I like to talk about my work. I don’t like to talk about myself. I mean, who I am as a person is irrelevant I think. It informs my work but I think there is a very very thick piece of red tape between Morgan as a human being and my personal life and how that translates into my work. I’m always really excited to talk about my work. My personal life is boring. It’s not that interesting. I like people to be able to listen to my records and not superimpose my personal life onto the listening of the songs. I want them to be able to interpret [the songs] and have their own experience with the lyrics and the emotions that come. I like people to own the songs in their own way.

SW: Do you think it’s odd that there are strangers all over the country who are interested in you though?

I don’t think people are interested in me as a person. At least I don’t get that impression. It’s not like I’m fielding tons of emails or tweets or anything. I just get excited when people want to talk about my music.

SW: Okay, well then let's do that. Your debut album is titled In Cold Blood, what’s that referencing?

It’s not referencing the Capote novel, although it’s easy to think that. I love the expression and it came to me when I was trying to think of a title in the sense that this is a break up record. Myself, and a lot of other people that surrounded this very traumatic breakup for me, kind of divested themselves of any empathy or compassion and acted in ways, we all acted in ways, that I just didn’t even realize was possible. Good people acting very questionably. So this expression to act in cold blood is very appropriate for describing the experience I had when I lost my partner.

SW: I read where you said you are less of a storyteller and more of a stream-of-consciousness songwriter?

I guess it depends on how you define storyteller. I don’t think of myself as a storyteller. I think a lot of my lyrics come out more as a jot everything down, poetry type things. I try to string them together to make sense of them within the context of a song to make them cohesive. I make it work it somehow.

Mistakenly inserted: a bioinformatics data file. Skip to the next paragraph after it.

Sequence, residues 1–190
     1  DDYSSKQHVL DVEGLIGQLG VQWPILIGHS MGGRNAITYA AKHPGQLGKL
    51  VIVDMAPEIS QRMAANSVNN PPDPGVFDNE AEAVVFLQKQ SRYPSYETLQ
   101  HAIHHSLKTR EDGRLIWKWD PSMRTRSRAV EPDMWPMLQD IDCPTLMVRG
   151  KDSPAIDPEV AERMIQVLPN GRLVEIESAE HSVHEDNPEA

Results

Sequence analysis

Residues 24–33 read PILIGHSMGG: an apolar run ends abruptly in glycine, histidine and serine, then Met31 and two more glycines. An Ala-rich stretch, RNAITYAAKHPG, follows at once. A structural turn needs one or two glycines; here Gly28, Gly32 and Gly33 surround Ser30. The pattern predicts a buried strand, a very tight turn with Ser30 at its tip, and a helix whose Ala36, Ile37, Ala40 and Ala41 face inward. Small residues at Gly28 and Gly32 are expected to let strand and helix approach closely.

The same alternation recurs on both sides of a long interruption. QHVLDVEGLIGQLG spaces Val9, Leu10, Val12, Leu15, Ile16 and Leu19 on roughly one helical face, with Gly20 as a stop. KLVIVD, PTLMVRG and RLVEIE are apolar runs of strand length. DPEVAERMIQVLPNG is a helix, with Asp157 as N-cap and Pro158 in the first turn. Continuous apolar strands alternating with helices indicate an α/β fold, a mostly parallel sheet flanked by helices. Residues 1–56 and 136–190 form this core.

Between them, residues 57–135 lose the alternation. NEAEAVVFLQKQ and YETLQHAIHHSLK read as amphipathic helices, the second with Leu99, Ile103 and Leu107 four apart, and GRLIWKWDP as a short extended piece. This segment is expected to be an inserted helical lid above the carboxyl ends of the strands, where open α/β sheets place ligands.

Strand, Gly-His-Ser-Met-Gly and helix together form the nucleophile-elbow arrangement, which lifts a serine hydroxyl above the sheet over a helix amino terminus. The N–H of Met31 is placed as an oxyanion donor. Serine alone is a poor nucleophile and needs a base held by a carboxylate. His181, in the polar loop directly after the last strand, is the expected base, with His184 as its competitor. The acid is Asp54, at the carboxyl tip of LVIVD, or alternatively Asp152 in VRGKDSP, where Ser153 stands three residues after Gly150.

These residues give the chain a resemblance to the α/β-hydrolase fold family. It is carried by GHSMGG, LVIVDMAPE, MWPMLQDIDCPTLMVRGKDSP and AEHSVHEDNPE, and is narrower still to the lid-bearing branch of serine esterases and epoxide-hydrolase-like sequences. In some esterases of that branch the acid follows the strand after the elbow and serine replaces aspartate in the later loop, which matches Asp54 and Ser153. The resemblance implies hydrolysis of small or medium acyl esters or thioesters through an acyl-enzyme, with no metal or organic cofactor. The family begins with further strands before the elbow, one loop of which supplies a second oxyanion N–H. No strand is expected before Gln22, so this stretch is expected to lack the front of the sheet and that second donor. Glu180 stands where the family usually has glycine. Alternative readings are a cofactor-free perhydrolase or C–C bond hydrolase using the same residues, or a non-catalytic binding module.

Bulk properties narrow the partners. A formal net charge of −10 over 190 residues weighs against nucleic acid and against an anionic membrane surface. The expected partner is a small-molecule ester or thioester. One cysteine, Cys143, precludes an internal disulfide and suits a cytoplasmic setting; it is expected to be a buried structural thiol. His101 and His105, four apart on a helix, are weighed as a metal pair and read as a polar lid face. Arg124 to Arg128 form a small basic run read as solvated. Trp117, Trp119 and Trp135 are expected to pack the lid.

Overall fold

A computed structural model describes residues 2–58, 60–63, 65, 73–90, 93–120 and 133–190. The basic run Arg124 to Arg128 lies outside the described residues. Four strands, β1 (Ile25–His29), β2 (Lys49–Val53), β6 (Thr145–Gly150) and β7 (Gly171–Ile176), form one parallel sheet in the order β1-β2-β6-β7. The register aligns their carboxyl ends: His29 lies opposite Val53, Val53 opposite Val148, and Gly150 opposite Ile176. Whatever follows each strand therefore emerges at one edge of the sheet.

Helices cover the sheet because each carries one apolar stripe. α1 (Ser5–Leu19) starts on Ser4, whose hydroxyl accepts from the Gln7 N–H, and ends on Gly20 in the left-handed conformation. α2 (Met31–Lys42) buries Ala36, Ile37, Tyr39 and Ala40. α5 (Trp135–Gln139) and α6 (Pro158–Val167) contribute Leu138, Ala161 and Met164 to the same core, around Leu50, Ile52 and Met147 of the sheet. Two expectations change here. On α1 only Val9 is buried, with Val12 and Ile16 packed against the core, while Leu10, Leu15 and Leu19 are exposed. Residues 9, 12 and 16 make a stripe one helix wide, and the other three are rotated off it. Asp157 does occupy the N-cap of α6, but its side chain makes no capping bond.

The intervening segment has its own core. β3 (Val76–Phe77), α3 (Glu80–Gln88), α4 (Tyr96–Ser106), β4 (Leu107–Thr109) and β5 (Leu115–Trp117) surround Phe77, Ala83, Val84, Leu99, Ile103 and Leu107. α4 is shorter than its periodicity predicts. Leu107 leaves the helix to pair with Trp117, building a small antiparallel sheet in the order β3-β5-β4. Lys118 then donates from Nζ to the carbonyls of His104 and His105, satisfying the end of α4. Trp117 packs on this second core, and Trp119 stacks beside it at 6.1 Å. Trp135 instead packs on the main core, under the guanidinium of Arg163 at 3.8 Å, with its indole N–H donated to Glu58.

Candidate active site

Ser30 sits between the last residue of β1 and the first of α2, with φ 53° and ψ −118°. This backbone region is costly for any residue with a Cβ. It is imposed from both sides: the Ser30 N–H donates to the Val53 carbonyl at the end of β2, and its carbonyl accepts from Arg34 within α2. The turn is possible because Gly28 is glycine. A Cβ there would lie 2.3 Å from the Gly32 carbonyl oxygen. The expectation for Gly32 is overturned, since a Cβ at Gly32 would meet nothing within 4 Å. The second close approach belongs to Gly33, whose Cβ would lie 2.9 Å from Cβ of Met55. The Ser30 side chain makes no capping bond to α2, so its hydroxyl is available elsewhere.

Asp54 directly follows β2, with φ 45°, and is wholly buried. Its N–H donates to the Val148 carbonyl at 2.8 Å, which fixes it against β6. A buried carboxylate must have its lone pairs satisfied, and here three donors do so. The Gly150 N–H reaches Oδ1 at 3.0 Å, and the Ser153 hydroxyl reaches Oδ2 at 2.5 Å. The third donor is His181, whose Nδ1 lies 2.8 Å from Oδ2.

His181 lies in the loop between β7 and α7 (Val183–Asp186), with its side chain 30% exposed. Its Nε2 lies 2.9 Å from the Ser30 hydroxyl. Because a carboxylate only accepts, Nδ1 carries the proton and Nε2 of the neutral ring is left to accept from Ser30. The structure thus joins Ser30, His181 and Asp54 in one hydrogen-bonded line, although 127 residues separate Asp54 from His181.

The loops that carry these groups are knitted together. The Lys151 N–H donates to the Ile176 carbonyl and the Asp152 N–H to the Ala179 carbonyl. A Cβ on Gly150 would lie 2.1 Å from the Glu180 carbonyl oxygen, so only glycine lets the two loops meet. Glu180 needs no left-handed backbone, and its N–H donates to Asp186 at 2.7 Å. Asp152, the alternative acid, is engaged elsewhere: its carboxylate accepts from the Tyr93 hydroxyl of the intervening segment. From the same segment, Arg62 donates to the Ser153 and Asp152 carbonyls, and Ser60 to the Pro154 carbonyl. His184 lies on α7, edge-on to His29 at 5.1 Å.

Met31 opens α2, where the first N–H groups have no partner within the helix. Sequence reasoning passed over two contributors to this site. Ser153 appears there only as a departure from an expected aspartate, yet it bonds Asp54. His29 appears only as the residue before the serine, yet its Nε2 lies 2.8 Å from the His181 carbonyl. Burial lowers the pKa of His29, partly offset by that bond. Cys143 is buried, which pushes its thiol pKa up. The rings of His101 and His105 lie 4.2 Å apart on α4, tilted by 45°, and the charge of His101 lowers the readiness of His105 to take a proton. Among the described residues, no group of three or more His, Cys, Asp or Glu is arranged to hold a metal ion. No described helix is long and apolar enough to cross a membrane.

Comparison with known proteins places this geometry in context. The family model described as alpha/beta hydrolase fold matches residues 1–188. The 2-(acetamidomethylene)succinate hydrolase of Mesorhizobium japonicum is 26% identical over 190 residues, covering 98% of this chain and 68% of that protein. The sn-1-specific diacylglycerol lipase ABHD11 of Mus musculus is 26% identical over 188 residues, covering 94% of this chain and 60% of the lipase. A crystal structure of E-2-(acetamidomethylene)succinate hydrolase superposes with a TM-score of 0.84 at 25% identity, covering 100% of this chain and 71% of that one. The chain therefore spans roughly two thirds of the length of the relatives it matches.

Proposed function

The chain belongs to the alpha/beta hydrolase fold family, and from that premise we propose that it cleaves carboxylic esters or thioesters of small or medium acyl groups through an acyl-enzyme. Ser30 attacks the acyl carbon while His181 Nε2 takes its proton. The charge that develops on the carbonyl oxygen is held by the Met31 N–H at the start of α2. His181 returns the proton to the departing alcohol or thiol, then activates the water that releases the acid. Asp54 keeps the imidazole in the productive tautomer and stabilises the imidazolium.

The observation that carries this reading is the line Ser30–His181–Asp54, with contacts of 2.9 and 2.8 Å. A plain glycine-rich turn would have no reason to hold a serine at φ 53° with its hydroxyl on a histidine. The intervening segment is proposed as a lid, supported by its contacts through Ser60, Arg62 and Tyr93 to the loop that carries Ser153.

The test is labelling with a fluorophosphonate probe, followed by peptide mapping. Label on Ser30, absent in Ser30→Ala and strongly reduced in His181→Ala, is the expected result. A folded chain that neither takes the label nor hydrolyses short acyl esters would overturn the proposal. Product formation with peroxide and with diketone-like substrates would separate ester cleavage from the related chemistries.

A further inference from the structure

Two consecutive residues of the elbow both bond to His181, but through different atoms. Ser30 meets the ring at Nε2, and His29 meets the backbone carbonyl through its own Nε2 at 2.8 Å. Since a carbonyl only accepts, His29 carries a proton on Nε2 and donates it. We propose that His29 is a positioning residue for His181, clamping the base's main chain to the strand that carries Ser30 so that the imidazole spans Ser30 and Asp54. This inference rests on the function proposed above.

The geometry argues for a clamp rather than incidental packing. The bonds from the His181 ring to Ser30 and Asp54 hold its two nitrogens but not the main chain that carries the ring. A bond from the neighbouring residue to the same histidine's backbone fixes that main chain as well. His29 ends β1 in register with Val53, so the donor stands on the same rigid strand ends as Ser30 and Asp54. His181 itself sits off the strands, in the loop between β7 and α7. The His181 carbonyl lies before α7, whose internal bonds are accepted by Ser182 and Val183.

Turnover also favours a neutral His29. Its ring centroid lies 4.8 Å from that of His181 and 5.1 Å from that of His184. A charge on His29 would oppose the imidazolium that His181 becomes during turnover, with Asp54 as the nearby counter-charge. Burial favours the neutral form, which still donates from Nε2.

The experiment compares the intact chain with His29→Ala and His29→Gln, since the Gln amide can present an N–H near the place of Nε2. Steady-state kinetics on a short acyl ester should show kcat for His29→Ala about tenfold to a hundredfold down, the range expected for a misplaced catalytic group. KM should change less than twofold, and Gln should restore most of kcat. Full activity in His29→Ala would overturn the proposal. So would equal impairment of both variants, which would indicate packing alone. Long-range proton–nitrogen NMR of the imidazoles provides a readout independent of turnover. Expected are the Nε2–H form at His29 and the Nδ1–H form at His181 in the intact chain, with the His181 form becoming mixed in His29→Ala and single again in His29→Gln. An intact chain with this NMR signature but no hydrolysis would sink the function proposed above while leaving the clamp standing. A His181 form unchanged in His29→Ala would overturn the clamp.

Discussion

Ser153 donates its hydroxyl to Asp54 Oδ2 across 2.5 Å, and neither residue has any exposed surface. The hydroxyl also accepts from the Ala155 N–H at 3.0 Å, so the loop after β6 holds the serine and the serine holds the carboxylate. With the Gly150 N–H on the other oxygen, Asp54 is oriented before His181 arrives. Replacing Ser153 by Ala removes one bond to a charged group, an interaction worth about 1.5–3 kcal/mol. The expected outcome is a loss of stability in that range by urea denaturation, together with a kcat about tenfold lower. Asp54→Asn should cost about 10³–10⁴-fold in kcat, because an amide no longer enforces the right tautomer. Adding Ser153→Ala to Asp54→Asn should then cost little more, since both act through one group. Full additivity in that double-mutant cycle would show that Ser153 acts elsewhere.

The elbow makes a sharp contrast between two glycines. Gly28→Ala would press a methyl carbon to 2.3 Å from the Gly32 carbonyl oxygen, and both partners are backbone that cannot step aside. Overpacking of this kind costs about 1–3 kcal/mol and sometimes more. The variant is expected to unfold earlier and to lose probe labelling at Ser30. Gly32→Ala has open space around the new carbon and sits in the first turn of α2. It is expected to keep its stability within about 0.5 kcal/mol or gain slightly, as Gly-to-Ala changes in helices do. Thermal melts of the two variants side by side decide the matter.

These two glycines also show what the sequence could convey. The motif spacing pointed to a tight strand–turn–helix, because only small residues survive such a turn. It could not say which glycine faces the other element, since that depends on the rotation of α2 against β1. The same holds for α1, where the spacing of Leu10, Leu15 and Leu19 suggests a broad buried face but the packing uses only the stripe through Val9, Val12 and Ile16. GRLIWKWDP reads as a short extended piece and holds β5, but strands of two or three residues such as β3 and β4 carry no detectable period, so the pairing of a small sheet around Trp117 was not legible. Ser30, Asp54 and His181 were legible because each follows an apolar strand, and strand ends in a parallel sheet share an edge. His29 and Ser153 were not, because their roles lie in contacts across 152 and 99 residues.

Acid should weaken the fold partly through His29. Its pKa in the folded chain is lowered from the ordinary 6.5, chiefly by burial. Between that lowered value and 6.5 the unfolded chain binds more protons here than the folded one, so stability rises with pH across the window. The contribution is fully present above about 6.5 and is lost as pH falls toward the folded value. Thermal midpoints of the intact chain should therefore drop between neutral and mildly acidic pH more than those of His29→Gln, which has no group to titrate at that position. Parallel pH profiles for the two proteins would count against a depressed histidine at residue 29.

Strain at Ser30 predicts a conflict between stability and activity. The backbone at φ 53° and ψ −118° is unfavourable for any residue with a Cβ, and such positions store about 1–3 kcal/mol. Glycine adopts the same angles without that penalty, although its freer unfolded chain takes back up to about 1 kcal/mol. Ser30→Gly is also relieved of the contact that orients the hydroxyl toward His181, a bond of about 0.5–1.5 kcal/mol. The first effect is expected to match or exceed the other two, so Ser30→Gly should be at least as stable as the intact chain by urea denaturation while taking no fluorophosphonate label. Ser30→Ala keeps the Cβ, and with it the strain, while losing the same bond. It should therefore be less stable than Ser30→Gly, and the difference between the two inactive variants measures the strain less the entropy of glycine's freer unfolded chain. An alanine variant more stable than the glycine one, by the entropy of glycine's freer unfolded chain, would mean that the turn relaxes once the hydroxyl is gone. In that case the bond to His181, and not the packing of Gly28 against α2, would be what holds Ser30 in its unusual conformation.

SW: So where does you song "They Don’t Know" come from?

I wrote that a very long time ago, almost 3 years ago. It was kind of a demarcation of the beginning of the end if you will of this relationship I was in.

SW: Okay. It is a bit brighter than some of the other songs on the album.

It is. Absolutely. That’s very perceptive.

SW: That brings me to my favorite song on the album, "Small December," a much better use of the phrase wrecking ball than that other song that is out there I might add.

(Laughs) I was so pissed when I heard that! I actually love that song as a pop song I think it’s fantastic, but when I heard it I was like you gotta be fucking kidding me.

SW: So is that song the low point of the album or a description of the time right before the low part? There does seem to be a struggle happening there.

That is the oldest song on the album. I must have written that 6 years ago. I think that’s why it sticks out a little bit like a sore thumb. It didn't necessarily fit within the context of the way I had produced the other songs. It’s a moment when I tried to be a little more vulnerable and just be honest in my sense of loss as opposed to constantly being angry. I feel like in the grief process of letting go, you know there’s those five stages of grief, I spent a lot of time in the anger stage and that’s where I wrote a lot of the songs from.

SW: You do have a way about your performances, you have a very passionate approach. Does that come from your connection to the music? Does it come from the voyeuristic nature of being on stage and having people watch you?